Sharing-economy conservation: why technology solves complex environmental problems better than regulation

Technology is dramatically reducing informational costs and making it easier for large groups of people to communicate and collaborate. Consequently, as the Washington Policy Center’s Todd Myers explained in a recent TEDx talk, smartphones have placed the means of making better environmental decisions in the palms of our hands.

One of the greatest benefits of modern technology is that it makes the generation and aggregation of new information much easier. And that information can be updated in real time as facts change. Take Uber: it constantly generates and processes information about the number of people requesting rides and the drivers willing to provide them. Unlike cabs, it recognizes that there is no one correct price for rides nor optimum number of drivers available. Both of those variables change constantly.

The possibility to generate time-specific information and aggregate it quickly holds great promise for solving environmental problems. And technology is already beginning to provide those benefits. For instance, the Nature Conservancy has been widely praised (and rightly so!) for bringing an Airbnb-like program to migratory birds. That program was recently profiled by the New York Times.

In the United States, the nonprofit Nature Conservancy has been a pioneer in bringing the “sharing economy” business model to conservation. It has been temporarily expanding wetlands for migratory birds in California’s Sacramento Valley since 2014. In early fall, when birds head south for the winter, and again in early spring on their return journey, birds need larger protected areas than the current mix of parks and nature preserves allows, as the website Howstuffworks reported in August. The big insight was realizing “we could use a rent rather than buy model,” said Mark Reynolds, an ecologist with the Nature Conservancy, which pays rice farmers to flood their fields for the few crucial weeks each fall and spring. Rice growers routinely flood their fields for irrigation and to decompose crop residue after harvest; through the conservation program, named BirdReturns, they do so during periods when the fields would have been dry.

The program helps Nature Conservancy connect the interests of rice farmers to the needs of migratory birds. But the program is far more than a traditional market for environmental benefits. It has leveraged the benefits of technology to discover when and where migratory birds need these wetlands and to adapt the program to changing circumstances.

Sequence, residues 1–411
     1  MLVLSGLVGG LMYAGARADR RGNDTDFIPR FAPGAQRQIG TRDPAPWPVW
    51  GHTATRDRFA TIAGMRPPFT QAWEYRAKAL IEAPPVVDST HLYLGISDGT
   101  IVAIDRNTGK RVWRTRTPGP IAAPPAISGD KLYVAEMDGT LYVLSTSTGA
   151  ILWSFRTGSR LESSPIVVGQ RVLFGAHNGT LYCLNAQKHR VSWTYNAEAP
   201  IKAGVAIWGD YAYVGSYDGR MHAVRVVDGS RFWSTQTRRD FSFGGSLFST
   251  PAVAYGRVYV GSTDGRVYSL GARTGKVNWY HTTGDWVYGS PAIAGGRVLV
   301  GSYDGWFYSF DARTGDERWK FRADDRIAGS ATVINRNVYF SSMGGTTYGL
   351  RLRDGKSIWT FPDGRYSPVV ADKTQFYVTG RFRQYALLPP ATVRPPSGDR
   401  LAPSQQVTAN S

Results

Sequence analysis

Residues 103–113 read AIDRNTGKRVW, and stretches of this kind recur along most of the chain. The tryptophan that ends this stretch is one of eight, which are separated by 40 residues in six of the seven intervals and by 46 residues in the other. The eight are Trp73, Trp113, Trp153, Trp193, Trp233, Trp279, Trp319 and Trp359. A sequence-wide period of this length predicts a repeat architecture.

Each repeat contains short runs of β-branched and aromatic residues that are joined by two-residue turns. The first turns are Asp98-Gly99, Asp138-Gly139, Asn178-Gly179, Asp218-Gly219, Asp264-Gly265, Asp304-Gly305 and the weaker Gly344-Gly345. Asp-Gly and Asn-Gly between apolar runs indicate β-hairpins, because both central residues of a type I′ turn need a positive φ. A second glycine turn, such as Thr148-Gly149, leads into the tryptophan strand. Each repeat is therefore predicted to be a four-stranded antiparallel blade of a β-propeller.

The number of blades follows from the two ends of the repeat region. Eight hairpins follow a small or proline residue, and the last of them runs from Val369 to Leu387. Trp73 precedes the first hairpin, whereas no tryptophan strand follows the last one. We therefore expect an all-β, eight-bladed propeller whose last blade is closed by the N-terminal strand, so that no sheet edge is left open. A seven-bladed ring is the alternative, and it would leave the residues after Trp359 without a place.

To decide when and where to pay farmers to provide these pop-up wetlands, the Nature Conservancy turned to crowdsourcing—an army of birdwatchers armed with cellphones reported their sightings. That aggregate, real-time information helps the Nature Conservancy adapt to a changing climate and migratory patterns. The program has begun to move its pop-up wetlands inland, to nudge migratory birds to habitat that the Nature Conservancy expects are less vulnerable to climate change.

Like Uber, this program is trying to solve a dynamic problem: providing wetlands for migratory birds when they need them, knowing that those needs will change every migratory season—and throughout that season. The challenge is not to solve the problem once, but to continuously solve it in the face of ever changing variables. As with Uber, the price signal solves that problem by allowing conservationists and farmers to make beneficial tradeoffs.

That’s something that regulations are, by their nature, poorly suited to. Regulations are generally static, not dynamic. Once adopted, they are difficult to change, either because of bureaucratic red tape or political entrenchment. Thus, regulations can work well for solving problems that have a consistently right answer. “Don’t dump toxic sludge in people’s drinking water” works pretty well because the result it forbids is undesirable in every case. More complex problems invariably run into the knowledge problem described by Hayek: reaching the right result depends on regulators having access to diffuse information that they can’t possibly obtain and continuously solving a problem with variables that never stop changing.

Most environmental problems don’t have easy solutions because there are costs and benefits on both sides of the equation. There is no a simple regulation—much less any enforceable one—that could direct someone to figure out the ever-evolving migration patterns of birds, decide which fields could be flooded to help the birds without causing excessive costs for farmers, and ensure that the right fields are flooded at the right time. No one person could solve that problem and, even if they could, no one else could know whether they did so correctly.

Only markets can generate all of the information needed and aggregate it into a price signal that can steer decision making. Thankfully, the technology that has enabled the sharing economy has also opened the door to countless conservation opportunities.

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